BY JIM BROWNE
I used to take the dogs down to a forest just off the A380 alongside a beautiful old manor house with a view of the sea. There’s a great dog-walking circuit down there. It’s perfectly flat and the views are simply stunning. There’s an obelisk half-way round where you can stop and pour a cup from your flask of hot coffee and, when the wife’s not with me, I usually sneak in a cheeky roll-up and pop a wee dram of something truly warming in along with the coffee in the cup.
I’ve stopped taking that walk. At least for a while.
The last time I walked there was one evening last August. Up into the Haldon Hills I drove with my wife and our two trusty hounds and parked alongside the circuit. And there was the obelisk in the distance, waiting for us. We didn’t need coffee as it was a warm evening – I had a couple of tins of cool shandy tucked in a rucksack and my wife and I were looking forward to necking them when we arrived at the benches below the great obelisk.
However, this walk to the obelisk and back was different from usual.
When we arrived, one of the dogs, Max, shot off into some bushes and I was forced to run after him, as he’s not the best trained mutt I’ve ever owned and has been known to scarper. I followed him into the undergrowth where I’d seen him enter. And after I’d parted some thick branches there he was. Beside a pair of naked buttocks which were rhythmically bobbing up and down on top of another pair.
“I’m so dreadfully sorry,” I said, pulling Max from the bushes. Then, as I pegged it, dragging Max by the collar, I heard two male voices calling back – as if I’d mistakenly walked in on finance instead of HR in the office – saying “oh, that’s alright, mate”.
On that five-miler that evening we saw other buttocks. Discarded condoms. A page ripped out of a porno mag. We felt like fully-dressed sound engineers on the set of Caligula. We’d stumbled across gay orgy night and I began to fast regret my fashion choice that evening of a pink cap and rather tight shorts.
We were big and old enough just to giggle about it at the time. (We’ve been to Bangkok before and witnessed sights there far more exotic in terms of sexual gymnastics. One evening we sat down for dinner quite innocently in one place in Sukhumvit only to realise, as our steaming phad Thai noodles arrived, we were front row spectators in a bizarre, oriental interpretation of wiff-waff).
But, honestly, I really wouldn’t have known what to say if I was with a grandchild or some of our more prudish friends. “Just as well we didn’t take the vicar,” my wife piped up on the journey home. (My poor, innocent wife. Little does she know that our cherub-faced vicar can’t see a cassock without lifting it).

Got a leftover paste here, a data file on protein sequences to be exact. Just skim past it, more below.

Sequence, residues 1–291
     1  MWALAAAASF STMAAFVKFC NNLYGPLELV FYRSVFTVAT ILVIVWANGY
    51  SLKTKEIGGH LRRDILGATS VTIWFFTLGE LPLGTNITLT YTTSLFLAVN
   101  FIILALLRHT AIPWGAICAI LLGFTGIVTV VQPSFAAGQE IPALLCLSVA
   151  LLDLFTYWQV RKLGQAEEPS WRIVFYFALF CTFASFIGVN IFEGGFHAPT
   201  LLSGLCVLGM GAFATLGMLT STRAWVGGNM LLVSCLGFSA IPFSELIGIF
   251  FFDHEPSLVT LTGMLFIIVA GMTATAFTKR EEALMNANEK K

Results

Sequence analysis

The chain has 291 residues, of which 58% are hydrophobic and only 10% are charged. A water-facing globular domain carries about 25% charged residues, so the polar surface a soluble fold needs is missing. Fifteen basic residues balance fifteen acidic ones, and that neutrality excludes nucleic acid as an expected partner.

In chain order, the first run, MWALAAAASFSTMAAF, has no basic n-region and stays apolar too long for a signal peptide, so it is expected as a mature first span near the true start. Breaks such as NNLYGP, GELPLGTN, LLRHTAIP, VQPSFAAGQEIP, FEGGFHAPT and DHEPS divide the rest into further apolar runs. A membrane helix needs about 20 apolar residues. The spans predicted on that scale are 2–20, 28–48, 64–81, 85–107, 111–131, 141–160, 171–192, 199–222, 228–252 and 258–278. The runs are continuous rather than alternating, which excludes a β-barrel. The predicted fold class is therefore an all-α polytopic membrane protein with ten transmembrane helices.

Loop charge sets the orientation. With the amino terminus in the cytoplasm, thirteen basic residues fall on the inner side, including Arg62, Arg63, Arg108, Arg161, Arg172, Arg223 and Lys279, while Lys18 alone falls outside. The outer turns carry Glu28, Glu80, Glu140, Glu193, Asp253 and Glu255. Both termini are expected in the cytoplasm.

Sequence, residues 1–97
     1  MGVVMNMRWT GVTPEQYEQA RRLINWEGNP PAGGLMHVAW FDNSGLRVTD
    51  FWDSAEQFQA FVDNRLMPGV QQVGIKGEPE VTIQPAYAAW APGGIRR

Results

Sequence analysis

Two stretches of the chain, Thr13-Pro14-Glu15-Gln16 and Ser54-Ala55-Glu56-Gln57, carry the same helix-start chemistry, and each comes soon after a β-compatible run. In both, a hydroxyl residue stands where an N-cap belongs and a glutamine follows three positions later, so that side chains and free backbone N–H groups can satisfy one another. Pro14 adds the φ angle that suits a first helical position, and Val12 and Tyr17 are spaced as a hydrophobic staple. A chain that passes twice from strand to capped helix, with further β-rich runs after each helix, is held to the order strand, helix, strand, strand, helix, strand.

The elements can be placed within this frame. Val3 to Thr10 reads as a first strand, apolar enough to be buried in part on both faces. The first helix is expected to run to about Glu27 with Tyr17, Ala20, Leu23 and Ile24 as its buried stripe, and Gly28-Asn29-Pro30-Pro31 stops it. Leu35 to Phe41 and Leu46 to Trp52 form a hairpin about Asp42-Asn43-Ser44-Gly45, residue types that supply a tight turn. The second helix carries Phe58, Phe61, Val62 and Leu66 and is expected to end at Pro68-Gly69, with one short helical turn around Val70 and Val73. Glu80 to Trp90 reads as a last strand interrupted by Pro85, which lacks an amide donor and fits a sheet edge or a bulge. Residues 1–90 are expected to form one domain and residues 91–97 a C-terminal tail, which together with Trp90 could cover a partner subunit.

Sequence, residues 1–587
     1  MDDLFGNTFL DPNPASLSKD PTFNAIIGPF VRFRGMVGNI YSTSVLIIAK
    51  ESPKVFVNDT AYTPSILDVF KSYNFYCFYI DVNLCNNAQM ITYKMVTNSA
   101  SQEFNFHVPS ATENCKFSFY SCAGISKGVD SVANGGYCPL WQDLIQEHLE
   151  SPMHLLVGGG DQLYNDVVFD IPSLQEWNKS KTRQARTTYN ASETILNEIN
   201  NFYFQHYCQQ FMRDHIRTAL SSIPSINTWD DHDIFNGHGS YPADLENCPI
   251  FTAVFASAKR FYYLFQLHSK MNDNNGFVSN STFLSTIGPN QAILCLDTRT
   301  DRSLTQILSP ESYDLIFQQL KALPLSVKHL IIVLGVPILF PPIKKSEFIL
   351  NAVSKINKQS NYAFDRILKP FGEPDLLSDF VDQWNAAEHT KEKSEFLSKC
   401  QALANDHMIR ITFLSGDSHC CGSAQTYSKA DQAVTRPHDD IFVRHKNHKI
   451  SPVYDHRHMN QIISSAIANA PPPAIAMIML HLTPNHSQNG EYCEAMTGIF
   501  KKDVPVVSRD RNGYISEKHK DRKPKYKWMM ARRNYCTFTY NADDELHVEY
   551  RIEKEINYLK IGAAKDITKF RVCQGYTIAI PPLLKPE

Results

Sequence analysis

I genuinely understand why men need to escape wives, landlords, partners – whoever – to get some action in the relative privacy and secrecy of the countryside. I really do. And I feel some pity for them.
But, seriously, I could be a single woman or underage lad innocently walking that route and any kind of man – a flasher, a pervert, a mistaken dogger – could think I was there to join the party. And that’s simply not on.
This Dogging seems a new phenomenon to me but I suppose it’s been around a while. (The term Dogging – and few people know this – originated in the early 1970s to describe men who spied on couples having sex outdoors. These men would “dog” the couples’ every move and watch them. Others argue it’s a term related to walking dogs or behaving like dogs, having sexual relations outside as might a dog. Personally I feel a bit sorry for dogs having this label attached to them because dogging can be a far more complex and filthy business than their breeding techniques involve, as I discovered online researching this article. At least that’s what I told the wife).
According to the Police, Dogging is a growing problem in the British countryside, almost across the breadth of the United Kingdom. The Police certainly have a concern that gay cruisers should not be confronted too robustly for fear the police will be deemed homophobic. And perhaps we should not be surprised that, in our increasingly tolerant society, there is very little censorship of open-air sex acts. The Sexual Offences Act 2003 outlaws flashing and sex in public toilets. But sex behind a tree is not illegal, per se.
So maybe it was all Max’s fault that I stumbled across those perfectly legal men and have a bee in my bonnet about them?
But I still keep thinking about my grandkids. These doggers can’t be in the right can they?
Yes, gays, heterosexuals and others have a human right, in my opinion, to mutual sexual fulfilment.
But can’t we allocate set places for these people to manifest their Dogging desires without getting in the way of the rest of us, who happen to prefer the comfort of our own homes for rumbling (if we were bloody getting any) and rumbling-free countryside for rambling?
Fairly weighed up, Dogging does not seem a victimless pursuit. It needs addressing.
I shouldn’t grumble as there are lots of nice walks around but I used to really rather enjoy that circular walk. Now, whenever I see obelisks around Britain, I can’t help but see something they were never erected to symbolise.
Maybe we’re going full circle and becoming Ancient Egypt? Perhaps Britain’s obelisks, once pointing to God, are now phallic symbols worshipping mere gods like Osiris or Baal.